View of the lake.
|Gmina||Szczytno (urban gmina)|
|• Mayor||Danuta Górska|
|• Total||9.96 km2 (3.85 sq mi)|
|• Density||2,700/km2 (7,000/sq mi)|
|Time zone||CET (UTC+1)|
|• Summer (DST)||CEST (UTC+2)|
|Postal code||12-100 to 12-102|
|Area code(s)||+48 89|
Szczytno [ˈʂt͡ʂɨtnɔ] (former German name: Ortelsburg) is a town in north-eastern Poland with 27,970 inhabitants (2004). Szczytno is situated in the Warmian-Masurian Voivodship (since 1999), but was previously in Olsztyn Voivodship (1975-1998).
Szczytno-Szymany International Airport, located nearby, is the most important airport of the Masurian region. Szczytno, which is located on the Olsztyn – Ełk line, and used to be a railroad junction until Polish Railways closed minor connections stemming from the town towards Czerwonka and Wielbark.
Between 1350 and 1360 Ortolf von Trier, a knight of the Teutonic Order and the Komtur of Elbląg (then known in German as Elbing), founded a fort in the Old Prussian region of Galindia, probably near an Old Prussian settlement. The first mention of the fort, eponymously named Ortulfsburg, was a document from September 1360, after Ortolf invited Masovian colonists, among whom the settlement became known as Szczytno. The first custodian of the settlement was Heinrich Murer. In 1370 the wooden fort was destroyed by Lithuanians led by Kęstutis, after which it was rebuilt using stone. In German, the name Ortulfsburg gradually morphed into Ortelsburg. The settlement grew in size owing to its location on a trade route from Warsaw to Königsberg (now Kaliningrad).
In the wake of the defeat of the Polish-Lithuanian defeat of the Order at Tannenberg/Stẹbark in 1410, the castle was occupied by Polish troops during the Thirteen Years' War. With its inclusion in the Ducal Prussia in 1525, it lost its importance as a border fortress and began to decline. Margrave and regent George Frederick (1577–1603), who enjoyed hunting nearby, began the redevelopment of the area. Among his projects was the rebuilding of the castle into a hunting lodge.
King Władysław IV Vasa of Poland visited the town from 1628–29 and in 1639. Ortelsburg suffered from 17th century fires and the plague in 1656. The town became part of the Kingdom of Prussia in 1701. King Frederick William I of Prussia granted Ortelsburg its town charter in 1723.
Prussian King Frederick William III and Queen Louise arrived in the town on 23 November 1806 while fleeing French troops during the Fourth Coalition. The town was briefly the seat of the Prussian government, and Frederick William released his Ortelsburger Publicandum — a series of constitutional, administrative, social and economic reforms — there on 1 December 1806. Later that month, French troops occupied and plundered Ortelsburg. Six years later the town was forced to host numerous troops of the Napoleon's Grande Armée, which invaded Russia.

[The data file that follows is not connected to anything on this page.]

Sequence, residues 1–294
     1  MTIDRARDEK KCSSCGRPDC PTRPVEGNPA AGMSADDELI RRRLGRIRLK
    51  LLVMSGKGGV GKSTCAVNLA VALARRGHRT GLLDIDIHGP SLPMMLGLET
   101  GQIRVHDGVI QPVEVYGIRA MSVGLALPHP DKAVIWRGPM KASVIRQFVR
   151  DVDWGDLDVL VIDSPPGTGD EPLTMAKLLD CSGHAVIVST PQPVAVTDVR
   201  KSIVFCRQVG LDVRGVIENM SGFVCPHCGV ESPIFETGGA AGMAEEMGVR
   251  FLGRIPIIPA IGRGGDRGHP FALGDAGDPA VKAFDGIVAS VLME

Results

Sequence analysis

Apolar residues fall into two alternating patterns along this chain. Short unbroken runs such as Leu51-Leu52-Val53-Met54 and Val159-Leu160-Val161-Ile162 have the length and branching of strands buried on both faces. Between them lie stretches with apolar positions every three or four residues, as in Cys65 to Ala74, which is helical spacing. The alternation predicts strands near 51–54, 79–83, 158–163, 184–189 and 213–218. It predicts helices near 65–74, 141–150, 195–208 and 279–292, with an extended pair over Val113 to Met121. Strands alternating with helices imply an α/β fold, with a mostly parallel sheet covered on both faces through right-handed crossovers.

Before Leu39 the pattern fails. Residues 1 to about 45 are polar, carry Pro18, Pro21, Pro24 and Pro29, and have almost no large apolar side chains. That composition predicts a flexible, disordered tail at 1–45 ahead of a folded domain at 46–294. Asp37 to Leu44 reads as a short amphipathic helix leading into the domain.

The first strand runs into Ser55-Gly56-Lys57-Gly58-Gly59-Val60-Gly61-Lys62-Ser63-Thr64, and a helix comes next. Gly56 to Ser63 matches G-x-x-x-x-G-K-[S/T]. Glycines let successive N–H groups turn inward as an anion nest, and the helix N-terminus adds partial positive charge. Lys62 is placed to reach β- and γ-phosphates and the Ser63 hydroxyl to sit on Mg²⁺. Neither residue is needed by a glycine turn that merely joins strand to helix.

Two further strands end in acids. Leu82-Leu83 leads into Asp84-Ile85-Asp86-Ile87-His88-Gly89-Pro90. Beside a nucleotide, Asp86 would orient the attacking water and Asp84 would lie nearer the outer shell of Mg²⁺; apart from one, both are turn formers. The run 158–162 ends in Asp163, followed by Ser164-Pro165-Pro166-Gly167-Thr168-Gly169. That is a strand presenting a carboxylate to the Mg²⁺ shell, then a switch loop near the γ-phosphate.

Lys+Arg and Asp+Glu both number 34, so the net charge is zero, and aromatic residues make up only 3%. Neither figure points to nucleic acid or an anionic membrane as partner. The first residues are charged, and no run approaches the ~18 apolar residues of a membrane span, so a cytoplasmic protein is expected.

Ortelsburg became the seat of Landkreis Ortelsburg, one of the largest in East Prussia, in 1818 after the Prussian administrative reforms were implemented, and Ritter von Berg was chosen as the first district administrator. The town became part of the German Empire in 1871 during the unification of Germany.
Ortelsburg was almost completely destroyed on 30 August 1914 at the beginning of World War I by troops of the Russian Empire, with 160 houses and 321 commercial buildings burning down. The town's recovery was supported by contributions raised in Berlin and Vienna.
During the interwar period, Polish-speaking residents of the region organized Samopomoc Mazurska ("Masurian Self-Help"), an organisation for the protection of Poles in southern East Prussia. A Polish activist Jerzy Lanc was killed during his attempt to establish a Polish school. Ortelsburg was the location of the Polish House, in which meetings of Polish journalists and activists were held. The Polish House was the headquarters of such organisations as "Zjednoczenie Mazurskie", "Samopomoc Mazurska" and the Union of Poles in Germany. Today the building is dedicated to the memory of the people and institutions that were engaged in Polish movement in Masuria.
In the German federal election, March 1933, after the Nazi seizure of power and suppression of anti-Nazi political factions, the Nazi Party polled 76.6% of vote in Ortelsburg, compared to the national German average of only 43.9%.
Near the end of World War II, most of the town's German population fled before the Red Army. Those who remained behind were either killed in the final months of the war or expelled after its end. The city was placed under Polish administration in 1945 under border changes promulgated at the Potsdam Conference, renamed Szczytno and gradually repopulated with Poles.
The nearby Szczytno-Szymany International Airport, as well as Stare Kiejkuty, a military intelligence training base, came under scrutiny in late 2005 as one of the suspected "black sites" (secret prisons or transfer stations) used in the CIA's program of so-called extraordinary rendition of accused terrorists. The existence of the nearby training base and the record of CIA-registered affiliated aircraft having landing at Szczyton-Szymany have been unequivocally confirmed, but the Polish government has repeatedly denied any involvement of these facilities in extraordinary renditions.
- Rose Scooler, née Guttfeld, (1882-1985), German (-Jewish) -American poet; survivor of Theresienstadt concentration camp.
- Wolfgang Koeppen (1906–1996), German author, whose autobiographical film evoking a lost rural idyll, Es war einmal in Masuren, was set here.
- Horst Kopkow (1910–1966), Nazi spy who collaborated with British after World War II.
- Hans-Peter Reinecke (1926–2003), German musicologist.
- Christine Laszar (born 1931), German actress.
- Krzysztof Klenczon (1942–1981),Polish musician.
- Waldemar Kobus, (born 1966) ethnic German actor.
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